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Police failed to track King's Cross face matches

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London's Metropolitan Police Service says it does not have any records of the outcomes of a facial recognition tie-up with a private firm in the city. Last month, it acknowledged it had shared people's pictures with the managers of the city's King's Cross Estate development. It had previously denied the alliance. In a new report, the Met added that it had only shared seven images and did not believe there had been similar arrangements with other private bodies. It said the pictures were of "persons who had been arrested and charged/cautioned/reprimanded or given a formal warning" and had been provided by Camden Borough Police.


Facial recognition use prompts call for new laws

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There is growing pressure for more details about the use of facial recognition in London's King's Cross to be disclosed after a watchdog described the deployment as "alarming". Developer Argent has confirmed it uses the technology to "ensure public safety" but did not reveal any details. It raises the issue of how private land used by the public is monitored. The UK's biometrics commissioner said the government needed to update the laws surrounding the technology. Argent is responsible for a 67-acre site close to King's Cross station.


ICO opens investigation into use of facial recognition in King's Cross

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The UK's privacy watchdog has opened an investigation into the use of facial recognition cameras in a busy part of central London. The information commissioner, Elizabeth Denham, announced she would look into the technology being used in Granary Square, close to King's Cross station. Two days ago the mayor of London, Sadiq Khan, wrote to the development's owner demanding to know whether the company believed its use of facial recognition software in its CCTV systems was legal. The Information Commissioner's Office (ICO) said it was "deeply concerned about the growing use of facial recognition technology in public spaces" and was seeking detailed information about how it is used. "Scanning people's faces as they lawfully go about their daily lives in order to identify them is a potential threat to privacy that should concern us all," Denham said.


Facial recognition technology scrapped at King's Cross site

The Guardian

Facial recognition technology will not be deployed at the King's Cross development in the future, following a backlash prompted by the site owner's admission last month that the software had been used in its CCTV systems. The developer behind the prestigious central London site said the surveillance software had been used between May 2016 and March 2018 in two cameras on a busy pedestrian street running through its heart. It said it had abandoned plans for a wider deployment across the 67-acre, 50-building site and had "no plans to reintroduce any form of facial recognition technology at the King's Cross Estate". The site became embroiled in the debate about the ethics of facial recognition three weeks ago after releasing a short statement saying its cameras "use a number of detection and tracking methods, including facial recognition". That made it one of the first landowners to acknowledge it was deploying the software, described by human rights groups as authoritarian, partly because it captures and analyses images of people without their consent.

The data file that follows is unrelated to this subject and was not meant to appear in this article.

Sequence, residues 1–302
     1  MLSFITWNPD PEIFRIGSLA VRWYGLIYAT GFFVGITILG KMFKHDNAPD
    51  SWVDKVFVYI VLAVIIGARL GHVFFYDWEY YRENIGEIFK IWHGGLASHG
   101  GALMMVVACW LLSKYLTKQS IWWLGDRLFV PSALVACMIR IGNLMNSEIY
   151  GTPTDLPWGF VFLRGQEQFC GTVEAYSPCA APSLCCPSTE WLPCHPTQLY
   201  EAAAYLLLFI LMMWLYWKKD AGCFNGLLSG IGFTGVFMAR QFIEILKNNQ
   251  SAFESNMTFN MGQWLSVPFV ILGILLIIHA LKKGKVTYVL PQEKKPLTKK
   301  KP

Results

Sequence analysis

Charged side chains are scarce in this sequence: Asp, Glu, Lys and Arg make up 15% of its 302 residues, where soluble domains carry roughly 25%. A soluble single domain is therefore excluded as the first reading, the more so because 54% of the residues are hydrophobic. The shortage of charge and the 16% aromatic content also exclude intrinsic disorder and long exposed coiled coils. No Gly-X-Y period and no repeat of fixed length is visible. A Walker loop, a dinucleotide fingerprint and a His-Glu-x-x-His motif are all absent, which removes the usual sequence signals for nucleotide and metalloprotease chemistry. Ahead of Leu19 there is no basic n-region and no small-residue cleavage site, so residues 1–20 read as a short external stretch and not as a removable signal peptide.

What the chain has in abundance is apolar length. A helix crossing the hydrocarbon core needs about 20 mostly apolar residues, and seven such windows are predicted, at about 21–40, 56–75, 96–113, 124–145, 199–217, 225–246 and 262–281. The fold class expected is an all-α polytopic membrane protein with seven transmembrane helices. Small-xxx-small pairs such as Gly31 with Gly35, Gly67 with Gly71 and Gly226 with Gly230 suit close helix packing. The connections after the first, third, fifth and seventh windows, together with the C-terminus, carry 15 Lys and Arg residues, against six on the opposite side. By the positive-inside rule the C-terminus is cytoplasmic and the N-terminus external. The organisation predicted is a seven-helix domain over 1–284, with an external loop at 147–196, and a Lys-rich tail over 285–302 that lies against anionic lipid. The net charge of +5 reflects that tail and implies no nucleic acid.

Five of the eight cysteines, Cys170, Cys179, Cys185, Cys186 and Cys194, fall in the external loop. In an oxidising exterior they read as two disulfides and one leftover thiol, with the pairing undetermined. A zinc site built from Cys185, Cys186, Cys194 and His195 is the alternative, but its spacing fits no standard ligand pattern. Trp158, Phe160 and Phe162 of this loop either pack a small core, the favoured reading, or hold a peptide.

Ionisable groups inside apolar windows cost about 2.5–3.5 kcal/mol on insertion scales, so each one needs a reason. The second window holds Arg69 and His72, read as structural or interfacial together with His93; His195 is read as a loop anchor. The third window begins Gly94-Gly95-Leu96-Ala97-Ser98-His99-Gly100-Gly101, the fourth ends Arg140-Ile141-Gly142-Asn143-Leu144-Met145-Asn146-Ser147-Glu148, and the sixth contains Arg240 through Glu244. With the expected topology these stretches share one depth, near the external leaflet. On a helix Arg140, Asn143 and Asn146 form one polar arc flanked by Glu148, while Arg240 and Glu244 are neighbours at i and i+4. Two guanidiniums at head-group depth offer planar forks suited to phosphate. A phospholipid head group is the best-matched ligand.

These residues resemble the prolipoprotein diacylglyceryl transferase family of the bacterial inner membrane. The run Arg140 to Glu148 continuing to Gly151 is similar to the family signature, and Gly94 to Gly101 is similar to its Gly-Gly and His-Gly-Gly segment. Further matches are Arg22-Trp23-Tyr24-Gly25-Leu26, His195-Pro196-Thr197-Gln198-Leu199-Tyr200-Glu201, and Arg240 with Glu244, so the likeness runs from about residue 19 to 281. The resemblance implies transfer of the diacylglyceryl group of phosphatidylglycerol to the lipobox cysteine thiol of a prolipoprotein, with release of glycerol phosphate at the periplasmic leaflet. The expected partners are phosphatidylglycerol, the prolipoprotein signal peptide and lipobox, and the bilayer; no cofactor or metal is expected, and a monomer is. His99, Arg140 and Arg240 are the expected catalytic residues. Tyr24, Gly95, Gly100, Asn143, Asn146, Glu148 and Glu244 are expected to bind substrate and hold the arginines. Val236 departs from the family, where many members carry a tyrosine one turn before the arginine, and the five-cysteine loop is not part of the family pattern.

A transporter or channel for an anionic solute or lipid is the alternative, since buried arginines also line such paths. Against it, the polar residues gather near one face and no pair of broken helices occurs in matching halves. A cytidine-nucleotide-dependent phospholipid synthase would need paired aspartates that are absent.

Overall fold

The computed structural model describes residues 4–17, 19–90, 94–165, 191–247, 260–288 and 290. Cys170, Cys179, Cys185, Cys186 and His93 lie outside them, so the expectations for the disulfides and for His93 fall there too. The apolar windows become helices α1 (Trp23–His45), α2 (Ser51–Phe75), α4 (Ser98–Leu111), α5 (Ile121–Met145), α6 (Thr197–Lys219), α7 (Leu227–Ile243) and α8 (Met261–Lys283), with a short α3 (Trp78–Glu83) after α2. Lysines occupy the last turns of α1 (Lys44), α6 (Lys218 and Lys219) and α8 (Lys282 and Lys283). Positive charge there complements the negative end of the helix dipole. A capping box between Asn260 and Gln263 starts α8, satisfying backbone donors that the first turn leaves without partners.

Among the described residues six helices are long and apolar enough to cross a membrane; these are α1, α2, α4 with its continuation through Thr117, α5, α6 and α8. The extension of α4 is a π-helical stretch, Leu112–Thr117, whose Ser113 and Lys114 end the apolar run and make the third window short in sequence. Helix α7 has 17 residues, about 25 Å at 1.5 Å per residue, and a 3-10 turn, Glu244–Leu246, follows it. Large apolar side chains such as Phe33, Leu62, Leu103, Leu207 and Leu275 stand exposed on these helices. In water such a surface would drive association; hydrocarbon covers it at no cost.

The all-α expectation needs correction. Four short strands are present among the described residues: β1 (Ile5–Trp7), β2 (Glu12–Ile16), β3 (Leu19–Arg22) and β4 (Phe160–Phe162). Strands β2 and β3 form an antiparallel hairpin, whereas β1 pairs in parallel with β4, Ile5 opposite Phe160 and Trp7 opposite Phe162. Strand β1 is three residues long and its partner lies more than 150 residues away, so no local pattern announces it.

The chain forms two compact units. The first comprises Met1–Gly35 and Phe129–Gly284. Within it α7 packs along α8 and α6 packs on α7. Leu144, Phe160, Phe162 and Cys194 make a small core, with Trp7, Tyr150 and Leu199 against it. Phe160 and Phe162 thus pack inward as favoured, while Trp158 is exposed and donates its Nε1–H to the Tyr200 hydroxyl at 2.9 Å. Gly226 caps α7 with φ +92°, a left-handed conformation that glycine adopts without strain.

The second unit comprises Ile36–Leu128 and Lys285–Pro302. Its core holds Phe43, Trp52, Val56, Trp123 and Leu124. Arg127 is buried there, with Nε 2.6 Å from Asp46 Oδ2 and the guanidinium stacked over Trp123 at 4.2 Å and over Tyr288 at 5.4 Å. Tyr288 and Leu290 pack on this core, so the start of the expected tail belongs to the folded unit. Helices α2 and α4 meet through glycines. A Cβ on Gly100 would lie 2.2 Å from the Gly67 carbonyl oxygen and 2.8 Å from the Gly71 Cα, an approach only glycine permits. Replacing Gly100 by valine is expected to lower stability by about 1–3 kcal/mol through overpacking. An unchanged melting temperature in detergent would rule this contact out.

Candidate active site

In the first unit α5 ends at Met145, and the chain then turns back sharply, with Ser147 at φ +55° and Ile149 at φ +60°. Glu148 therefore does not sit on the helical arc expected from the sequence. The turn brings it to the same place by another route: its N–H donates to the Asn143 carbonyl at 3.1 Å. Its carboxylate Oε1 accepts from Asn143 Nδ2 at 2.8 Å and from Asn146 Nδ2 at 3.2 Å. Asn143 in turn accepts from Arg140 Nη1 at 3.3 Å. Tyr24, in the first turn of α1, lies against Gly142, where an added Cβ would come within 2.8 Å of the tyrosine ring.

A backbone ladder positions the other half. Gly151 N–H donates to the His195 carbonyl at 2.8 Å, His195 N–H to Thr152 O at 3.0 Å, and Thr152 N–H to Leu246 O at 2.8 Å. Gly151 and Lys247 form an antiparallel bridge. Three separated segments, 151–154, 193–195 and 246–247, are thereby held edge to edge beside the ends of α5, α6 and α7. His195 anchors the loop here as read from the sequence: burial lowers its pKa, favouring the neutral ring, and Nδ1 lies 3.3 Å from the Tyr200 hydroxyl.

Facial recognition row: police gave King's Cross owner images of seven people

The Guardian

Images of seven people were passed on by local police for use in a facial recognition system at King's Cross in London in an agreement that was struck in secret, the details of which were made public for the first time today. A police report, published by the deputy London mayor Sophie Linden on Friday, showed that the scheme ran for two years from 2016 without any apparent central oversight from either the Metropolitan police or the office of the mayor, Sadiq Khan. Writing to London assembly members, Linden said she "wanted to pass on the [Metropolitan police service's] apology" for failing to previously disclose that the scheme existed and announced that similar local image sharing agreements were now banned. There had been "no other examples of images having been shared with private companies for facial recognition purposes" by the Met, Linden said, according to "the best of its knowledge and record-keeping". The surveillance scheme – controversial because it involved tracking individuals without their consent – was originally agreed between borough police in Camden and the owner of the 27-hectare King's Cross site in 2016.